Catholic leaders weigh in on upcoming, charged Supreme Court term
WASHINGTON — The Supreme Court begins its new term Oct. 3, jumping right back into the fray with cases involving affirmative action, voting, immigration, the environment and free speech.
This term will include a new member, Justice Ketanji Brown Jackson, replacing Justice Stephen Breyer, who retired at the end of the last session. It will also be the first time the public will be allowed back inside the court since the start of the pandemic.
As of late September, the court had not announced whether it would continue to provide live audio of the pleadings.
Another change is on the outside. Barriers around the court since May – after protests erupted over a leak of the court’s draft opinion on its Dobbs ruling – have now been removed. The investigation into the leak, ordered by Chief Justice John Roberts, is still ongoing.
So far, the court has agreed to hear 27 cases and has scheduled 18.
In the weeks leading up to the new court session, law schools and think tanks offered previews of big upcoming cases and speculation about how judges might react.
Adam Liptak, Supreme Court reporter for The New York Times, who moderated some of those panels, pointed out in a Sept. 15 preview by the American Constitutional Society that the court isn’t taking a break after just ended “a tumultuous mandate”. .”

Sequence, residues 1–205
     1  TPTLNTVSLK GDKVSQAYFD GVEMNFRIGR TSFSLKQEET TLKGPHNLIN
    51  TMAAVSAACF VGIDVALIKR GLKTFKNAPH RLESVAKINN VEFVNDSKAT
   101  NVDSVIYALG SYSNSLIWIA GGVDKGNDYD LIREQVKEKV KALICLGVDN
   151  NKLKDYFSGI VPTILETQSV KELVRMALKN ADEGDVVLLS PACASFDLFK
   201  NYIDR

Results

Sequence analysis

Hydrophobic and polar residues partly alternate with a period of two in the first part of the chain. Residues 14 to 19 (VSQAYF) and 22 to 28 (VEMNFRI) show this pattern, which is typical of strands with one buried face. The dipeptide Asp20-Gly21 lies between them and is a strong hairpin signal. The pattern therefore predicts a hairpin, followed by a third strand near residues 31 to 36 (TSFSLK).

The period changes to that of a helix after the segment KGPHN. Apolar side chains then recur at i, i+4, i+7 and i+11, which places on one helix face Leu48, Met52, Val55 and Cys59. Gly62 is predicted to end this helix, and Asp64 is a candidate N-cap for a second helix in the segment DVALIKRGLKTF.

And this quarter, as in many previous sessions, Catholic leaders have something to say about major matters ahead.
A case that is getting a lot of attention is 303 Creative v. Elenis about a graphic designer from Colorado who doesn’t want to create wedding websites for same-sex couples based on her Christian beliefs about marriage. The case, which does not yet have a date for oral argument, is similar to the 2017 case involving a Colorado baker who refused to make a personalized wedding cake for a same-sex couple because of his beliefs. nuns.
The United States Conference of Catholic Bishops, joined by the Colorado Catholic Conference and other faith groups, are siding with the designer as they did with the baker five years ago.